Colorado Parents Hold Key to Saving Teen Driver's Lives

October 17, 2011 - Traffic Safety - National Teen Driver Safety Week, Oct 16-22

DENVER --   Parents of teenagers may think they do not have much influence on their kids, but when it comes to safe driving, they do – and it could mean a difference between life and death.   Motor vehicle crashes are the number one killer of teens in the U.S.   In 2010, 63 young drivers age 15 to 20 were involved in fatal crashes in Colorado and 49 in this age group were killed.  More than 60% of those killed were not wearing a seat belt.

This week marks National Teen Driver Safety Week and Colorado’s Teen Driving Alliance urges all parents to get involved when it comes to preparing teenagers to be safe and responsible drivers.  The Alliance is a group of government agencies, law enforcement and private partners working together to reduce teen driving fatalities and injuries.

“Parents truly have the power to keep their teenagers safer by monitoring their driving behavior more closely and enforcing teen driving laws at home,” said Col. James Wolfinbarger, chief of the Colorado State Patrol.  “Passenger restrictions and cell phone bans for young drivers can save lives, but we need parents to help make sure the rules are followed at home.  Sit down and talk with your teenager about safety, the rules and consequences.”

Colorado’s Graduated Driver Licensing (GDL) laws are designed to phase-in beginning drivers, with various requirements depending on the teenager’s age when they start the permit process.  All teen drivers must log 50 hours of practice driving with a parent or legal guardian.  Experts recommend using this practice time wisely by exposing teens to a variety of road types and weather conditions.  But the learning process should not end once a teen gets his or her license.

According to a study released last week by the AAA Foundation for Traffic Safety, teen drivers are 50% more likely to crash during the first month of driving on their own than they are after a full year of experience.  And it takes teen drivers two years of experience to cut their accident rate in half.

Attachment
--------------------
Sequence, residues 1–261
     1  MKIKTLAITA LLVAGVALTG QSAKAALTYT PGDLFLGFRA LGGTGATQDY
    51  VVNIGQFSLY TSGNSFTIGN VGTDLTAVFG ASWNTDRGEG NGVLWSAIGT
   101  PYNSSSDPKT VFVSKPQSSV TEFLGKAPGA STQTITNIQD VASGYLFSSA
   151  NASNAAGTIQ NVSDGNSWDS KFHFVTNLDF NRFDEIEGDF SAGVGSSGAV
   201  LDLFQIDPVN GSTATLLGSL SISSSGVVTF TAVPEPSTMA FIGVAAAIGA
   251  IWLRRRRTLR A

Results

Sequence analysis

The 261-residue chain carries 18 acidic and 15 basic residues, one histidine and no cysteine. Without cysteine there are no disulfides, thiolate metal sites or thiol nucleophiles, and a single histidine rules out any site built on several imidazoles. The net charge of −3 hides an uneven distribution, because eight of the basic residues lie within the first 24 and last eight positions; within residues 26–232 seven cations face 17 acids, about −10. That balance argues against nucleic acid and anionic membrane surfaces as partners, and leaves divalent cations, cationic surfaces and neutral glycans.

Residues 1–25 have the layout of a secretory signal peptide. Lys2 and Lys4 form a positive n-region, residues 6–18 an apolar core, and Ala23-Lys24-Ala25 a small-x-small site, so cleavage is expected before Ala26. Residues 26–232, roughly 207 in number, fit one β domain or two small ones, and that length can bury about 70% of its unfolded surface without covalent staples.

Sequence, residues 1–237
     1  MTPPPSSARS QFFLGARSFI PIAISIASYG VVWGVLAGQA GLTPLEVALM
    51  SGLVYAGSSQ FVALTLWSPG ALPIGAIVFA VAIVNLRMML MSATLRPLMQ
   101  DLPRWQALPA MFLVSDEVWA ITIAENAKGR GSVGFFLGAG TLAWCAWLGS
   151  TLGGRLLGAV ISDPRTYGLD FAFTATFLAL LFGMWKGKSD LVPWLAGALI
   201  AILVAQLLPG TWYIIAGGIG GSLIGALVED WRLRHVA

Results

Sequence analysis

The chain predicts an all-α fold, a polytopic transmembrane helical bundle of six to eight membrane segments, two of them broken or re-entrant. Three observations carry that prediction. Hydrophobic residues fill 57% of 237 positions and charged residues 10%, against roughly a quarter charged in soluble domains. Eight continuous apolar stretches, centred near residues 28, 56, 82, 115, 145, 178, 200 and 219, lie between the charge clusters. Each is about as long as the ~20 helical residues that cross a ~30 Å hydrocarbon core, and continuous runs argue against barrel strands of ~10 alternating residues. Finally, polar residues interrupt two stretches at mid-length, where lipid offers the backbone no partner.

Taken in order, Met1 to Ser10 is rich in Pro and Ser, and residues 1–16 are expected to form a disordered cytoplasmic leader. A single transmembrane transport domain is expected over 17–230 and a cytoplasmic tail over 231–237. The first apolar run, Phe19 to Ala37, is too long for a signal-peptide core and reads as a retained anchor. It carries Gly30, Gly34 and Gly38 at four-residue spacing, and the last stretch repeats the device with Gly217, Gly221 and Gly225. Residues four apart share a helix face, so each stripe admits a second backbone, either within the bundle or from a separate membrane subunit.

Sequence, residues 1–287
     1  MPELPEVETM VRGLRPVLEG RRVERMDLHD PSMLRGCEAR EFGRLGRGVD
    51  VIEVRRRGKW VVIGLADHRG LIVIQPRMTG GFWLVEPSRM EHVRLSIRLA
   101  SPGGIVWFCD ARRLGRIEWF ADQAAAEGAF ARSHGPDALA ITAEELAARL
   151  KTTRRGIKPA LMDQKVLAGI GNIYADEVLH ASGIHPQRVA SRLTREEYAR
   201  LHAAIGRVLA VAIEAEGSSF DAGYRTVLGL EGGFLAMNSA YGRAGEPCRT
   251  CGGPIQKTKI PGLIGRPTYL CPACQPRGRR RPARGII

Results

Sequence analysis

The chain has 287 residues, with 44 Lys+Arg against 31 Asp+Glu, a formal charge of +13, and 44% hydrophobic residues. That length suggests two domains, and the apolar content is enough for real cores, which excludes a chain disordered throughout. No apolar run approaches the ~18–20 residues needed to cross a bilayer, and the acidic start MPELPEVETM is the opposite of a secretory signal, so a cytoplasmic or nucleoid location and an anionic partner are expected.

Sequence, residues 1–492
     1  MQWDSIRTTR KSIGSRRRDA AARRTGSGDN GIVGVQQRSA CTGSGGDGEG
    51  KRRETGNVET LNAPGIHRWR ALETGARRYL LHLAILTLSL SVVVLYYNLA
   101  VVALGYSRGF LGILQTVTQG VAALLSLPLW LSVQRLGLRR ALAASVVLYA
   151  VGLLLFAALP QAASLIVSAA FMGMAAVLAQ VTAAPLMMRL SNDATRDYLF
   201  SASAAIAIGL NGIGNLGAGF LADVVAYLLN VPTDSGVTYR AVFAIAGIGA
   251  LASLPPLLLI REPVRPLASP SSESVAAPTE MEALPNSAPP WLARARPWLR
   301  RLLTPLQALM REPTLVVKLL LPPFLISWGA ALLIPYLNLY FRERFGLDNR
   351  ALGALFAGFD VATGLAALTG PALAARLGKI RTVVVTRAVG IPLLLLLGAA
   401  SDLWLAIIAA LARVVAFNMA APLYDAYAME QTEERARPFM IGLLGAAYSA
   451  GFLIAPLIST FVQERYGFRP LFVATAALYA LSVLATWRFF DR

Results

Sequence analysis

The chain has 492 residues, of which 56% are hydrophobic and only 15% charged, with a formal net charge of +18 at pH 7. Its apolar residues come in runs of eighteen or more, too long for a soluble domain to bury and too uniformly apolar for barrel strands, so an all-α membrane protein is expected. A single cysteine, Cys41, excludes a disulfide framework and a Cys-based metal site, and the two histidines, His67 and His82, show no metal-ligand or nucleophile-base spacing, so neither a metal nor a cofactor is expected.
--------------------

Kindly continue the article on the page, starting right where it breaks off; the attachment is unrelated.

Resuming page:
“Parents need to stay involved in the learning process even after teens begin driving independently,” said Wave Dreher, AAA Colorado.  “It’s important to continue working with your teen on their driving skills, particularly those involving the three most common mistakes -- failure to reduce speed, failure to yield and inattention.”

Distractions are also a big issue facing new drivers due to the growing popularity of electronic devices, as well as the distractions of other passengers in the car.  In Colorado, it is against the law for any teen driver under age 18 to talk or text on a cell phone while driving.  And Colorado’s GDL laws prohibit teen drivers from having any passengers under age 21 for the first six months of their license, and then only one passenger under 21 for the second six months.

“Over the past decade, the number of teenagers killed in crashes in Colorado has dropped by more than 50%,” said Don Hunt, executive director of the Colorado Department of Transportation.  “We must all continue working together to help young drivers learn safe driving habits by being responsible drivers ourselves and always buckling up.”

Before teen drivers get behind the wheel on their own, experts suggest parents sign a contract with their teenager that outlines clear rules and has specific consequences if they are broken.  A sample teen driving contract can be downloaded at